By: Jenny Bruce
Hello all! Here's part two in a four part series on using carols to teach the Christmas story to your kids. Last Saturday we looked at "Hark! The Herald Angels Sing" and today we'll dive into "O Come, O Come Emmanuel."
Music Appreciation: Play a recording of the carol and listen to it with your kids. Depending on your child, you may want to let them draw or dance while they listen to the music. Then discuss questions like: "What is one word you would use to describe this song?" "Did you like listening to this song? Why or why not?" "How did this song make you feel?" "What kinds of pictures entered your mind as you listened to this song?" It might be fun to compare and contrast "O Come, O Come Emmanuel" with "Hark! The Herald Angels Sing."
Discuss The Carol: Read through "O Come, O Come Emmanuel" with your kids, explaining what each line means. Since this carol is rooted in the Old Testament, it provides a wonderful opportunity to look up references to Old Testament prophecies (and expose your kid to sections of the Bible they might not be familiar with.) Check out Isaiah 7:17 (O come, O come Emmanuel), Isaiah 28:29 (O come, Thou Wisdom), Isaiah 11:1 (O come, Thou Rod of Jesse), Isaiah 22:22 (O come, Thou Key of David), and Haggai 2:7 (O come, Desire of Nations.)
I like to use this carol to focus on Jesus as Savior and King. You can explain why Israel longed for Emmanuel to come and how the people needed a savior to deliver them from their sins and a king to deliver them from their enemies. A few questions you might want to discuss include: "What two big problems did Israel have?" "Who did God promise He would send to solve these problems?" "How would Jesus solve the problem of sin?" "How would Jesus solve the problem of being attacked by other nations?" "Will Jesus ever come back and rule as a perfect King?"
Sing The Carol: Sing along with a recording, play instruments, or sing it acapella.
Do A Word Search: Visit Discovery Education's Puzzlemaker and make your own word search using lyrics from the carol such as Emmanuel, ransom, exile, tyranny, etc.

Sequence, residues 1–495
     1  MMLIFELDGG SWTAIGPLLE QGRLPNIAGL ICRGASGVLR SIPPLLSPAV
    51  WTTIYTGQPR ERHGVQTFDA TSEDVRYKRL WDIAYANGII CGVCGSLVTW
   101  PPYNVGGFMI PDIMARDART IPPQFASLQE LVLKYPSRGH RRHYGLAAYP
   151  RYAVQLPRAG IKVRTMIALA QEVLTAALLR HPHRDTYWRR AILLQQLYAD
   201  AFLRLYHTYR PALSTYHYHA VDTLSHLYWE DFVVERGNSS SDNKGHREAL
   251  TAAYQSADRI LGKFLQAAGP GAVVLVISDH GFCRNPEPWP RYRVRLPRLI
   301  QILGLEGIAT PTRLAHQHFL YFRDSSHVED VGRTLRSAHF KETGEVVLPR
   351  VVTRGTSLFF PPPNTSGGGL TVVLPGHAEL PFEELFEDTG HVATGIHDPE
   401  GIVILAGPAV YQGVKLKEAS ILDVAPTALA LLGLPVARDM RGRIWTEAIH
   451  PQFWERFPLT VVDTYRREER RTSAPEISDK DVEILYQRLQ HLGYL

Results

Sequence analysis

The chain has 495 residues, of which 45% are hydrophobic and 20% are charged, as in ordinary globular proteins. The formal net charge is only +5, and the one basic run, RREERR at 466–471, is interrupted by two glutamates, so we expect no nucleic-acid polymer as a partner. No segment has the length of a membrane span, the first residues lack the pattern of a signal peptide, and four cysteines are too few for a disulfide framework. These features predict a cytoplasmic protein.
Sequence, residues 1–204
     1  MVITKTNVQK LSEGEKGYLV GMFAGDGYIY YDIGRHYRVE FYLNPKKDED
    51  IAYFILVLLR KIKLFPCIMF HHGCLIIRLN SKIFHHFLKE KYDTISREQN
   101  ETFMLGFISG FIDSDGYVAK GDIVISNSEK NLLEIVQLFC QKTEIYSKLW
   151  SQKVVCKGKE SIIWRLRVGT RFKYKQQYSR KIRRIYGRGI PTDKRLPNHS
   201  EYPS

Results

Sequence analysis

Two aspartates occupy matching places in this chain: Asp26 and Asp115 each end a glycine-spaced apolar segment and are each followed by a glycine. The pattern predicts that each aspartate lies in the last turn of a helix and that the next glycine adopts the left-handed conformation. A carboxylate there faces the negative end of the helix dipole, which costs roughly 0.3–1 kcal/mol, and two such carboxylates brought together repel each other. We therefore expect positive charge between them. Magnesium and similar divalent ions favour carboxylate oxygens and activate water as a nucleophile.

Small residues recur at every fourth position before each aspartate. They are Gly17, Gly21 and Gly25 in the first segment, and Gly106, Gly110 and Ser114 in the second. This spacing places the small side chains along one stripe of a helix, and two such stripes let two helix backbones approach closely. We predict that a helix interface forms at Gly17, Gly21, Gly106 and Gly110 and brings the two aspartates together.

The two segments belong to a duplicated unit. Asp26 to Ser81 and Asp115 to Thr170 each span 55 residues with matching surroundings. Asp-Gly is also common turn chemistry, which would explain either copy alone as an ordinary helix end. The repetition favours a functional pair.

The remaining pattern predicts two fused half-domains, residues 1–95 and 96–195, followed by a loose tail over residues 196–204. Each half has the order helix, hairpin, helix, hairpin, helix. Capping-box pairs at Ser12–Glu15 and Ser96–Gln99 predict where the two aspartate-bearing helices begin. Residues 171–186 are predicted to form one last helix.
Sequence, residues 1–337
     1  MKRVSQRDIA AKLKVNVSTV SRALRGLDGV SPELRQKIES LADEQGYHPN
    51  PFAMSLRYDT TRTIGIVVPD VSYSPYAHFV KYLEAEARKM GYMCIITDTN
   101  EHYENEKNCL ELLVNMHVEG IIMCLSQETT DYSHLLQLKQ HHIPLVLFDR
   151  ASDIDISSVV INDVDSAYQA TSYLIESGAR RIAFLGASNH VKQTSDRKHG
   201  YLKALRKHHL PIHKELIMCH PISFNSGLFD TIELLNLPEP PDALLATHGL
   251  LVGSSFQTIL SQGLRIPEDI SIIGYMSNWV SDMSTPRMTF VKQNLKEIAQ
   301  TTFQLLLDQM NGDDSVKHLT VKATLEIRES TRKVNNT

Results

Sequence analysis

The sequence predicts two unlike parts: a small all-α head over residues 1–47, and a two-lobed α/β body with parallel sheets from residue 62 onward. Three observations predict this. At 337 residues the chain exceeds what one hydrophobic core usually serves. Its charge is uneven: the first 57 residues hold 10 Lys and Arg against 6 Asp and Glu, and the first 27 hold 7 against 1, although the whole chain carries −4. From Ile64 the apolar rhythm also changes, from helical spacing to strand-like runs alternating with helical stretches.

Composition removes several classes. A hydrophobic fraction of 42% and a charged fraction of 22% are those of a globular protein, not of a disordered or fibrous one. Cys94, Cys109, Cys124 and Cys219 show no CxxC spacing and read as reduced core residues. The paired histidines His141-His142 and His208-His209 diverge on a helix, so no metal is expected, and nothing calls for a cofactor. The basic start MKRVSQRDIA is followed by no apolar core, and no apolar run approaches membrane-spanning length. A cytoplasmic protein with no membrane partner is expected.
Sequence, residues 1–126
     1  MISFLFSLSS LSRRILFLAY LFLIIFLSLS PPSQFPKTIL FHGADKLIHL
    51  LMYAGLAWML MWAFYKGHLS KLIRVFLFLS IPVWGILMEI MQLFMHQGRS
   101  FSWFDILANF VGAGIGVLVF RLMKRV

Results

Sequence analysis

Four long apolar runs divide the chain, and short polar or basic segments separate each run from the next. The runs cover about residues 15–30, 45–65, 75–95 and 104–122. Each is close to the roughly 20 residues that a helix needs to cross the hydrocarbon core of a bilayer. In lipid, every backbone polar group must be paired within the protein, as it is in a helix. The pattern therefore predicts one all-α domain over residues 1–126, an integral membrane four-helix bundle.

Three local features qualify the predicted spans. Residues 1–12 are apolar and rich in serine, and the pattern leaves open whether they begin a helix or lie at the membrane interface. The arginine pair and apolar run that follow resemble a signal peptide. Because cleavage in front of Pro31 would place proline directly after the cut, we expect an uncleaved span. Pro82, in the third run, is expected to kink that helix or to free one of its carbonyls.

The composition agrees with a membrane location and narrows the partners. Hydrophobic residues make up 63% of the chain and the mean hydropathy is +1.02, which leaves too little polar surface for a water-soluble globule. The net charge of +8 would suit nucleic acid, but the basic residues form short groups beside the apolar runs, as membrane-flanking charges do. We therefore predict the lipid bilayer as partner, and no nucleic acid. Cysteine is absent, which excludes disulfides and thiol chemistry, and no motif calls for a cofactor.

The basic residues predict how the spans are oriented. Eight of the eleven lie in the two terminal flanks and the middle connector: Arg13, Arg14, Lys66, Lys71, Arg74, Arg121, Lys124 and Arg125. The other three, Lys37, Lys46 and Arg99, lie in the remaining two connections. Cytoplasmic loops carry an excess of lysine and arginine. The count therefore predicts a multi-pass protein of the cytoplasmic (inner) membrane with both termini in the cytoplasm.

Make An Ornament: Buy shatter-proof ball ornaments, Mod Podge, paint brushes, and holiday scrapbook paper. Type the lyrics to the carol in a variety of fun fonts, print them on a few pages of scrapbook paper, and cut out the lyrics. Help your kids brush the Mod Podge onto the backs of the lyrics and glue them all over the ball. When they're finished, coat the entire ornament in Mod Podge. You can talk about the lyrics to the carol as you complete the craft.
Play Savior/King Scramble: Make a sign that says "Savior" and tape it to one wall and a sign that says "King" and tape it to another wall. Have your kids stand in the middle of the room. Explain that God promised to send both a savior and a king to the Israelites and those promises are recorded in the Bible. Say that you will read a promise about Jesus from the Old Testament and then say "go!" The kids should run to the "Savior" wall if they think the promise refers to Jesus saving us from the punishment for sin and the "King" wall if they think the promise refers to Jesus ruling as a perfect king. Savior verses include: Isaiah 53:2-12 (read one verse at a time), Psalm 22:16-18, and Zechariah 12:10. King verses include: Isaiah 9:6-7, Isaiah 31:1, Jeremiah 23:5-6, Daniel 7:13-14, Isaiah 16:5, Zechariah 6:13, and Zechariah 9:-10.
Sheep Magnets: Buy wooden sheep cut outs, white hole reinforcements, small magnets, and yellow paper. Glue a magnet to the back of the sheep and let your child give it wool coat by covering it in hole reinforcements. Then cut a crown out of yellow paper and glue it on the sheep's head. Explain that this magnet will remind you that Jesus is both Savior and King. Talk about the Passover and how a sheep reminds us of Jesus' sacrifice for us. The crown reminds us that Jesus is King and will rule forever.
Christmas Countdown Chains: Help your child cut strips of paper and then make a chain - one link for every day until Christmas. Explain that you will remove a link from the chain each day to help count down to Christmas (you might want to write a fun activity on each link and then do that activity on the day you remove it: eat fancy ice cream, play a family game, build a fort out of the couch, etc.) Then talk about waiting for Christmas to come and discuss other things that require waiting. Talk about how Israel waited for Jesus to come to earth and why they longed for Him to arrive.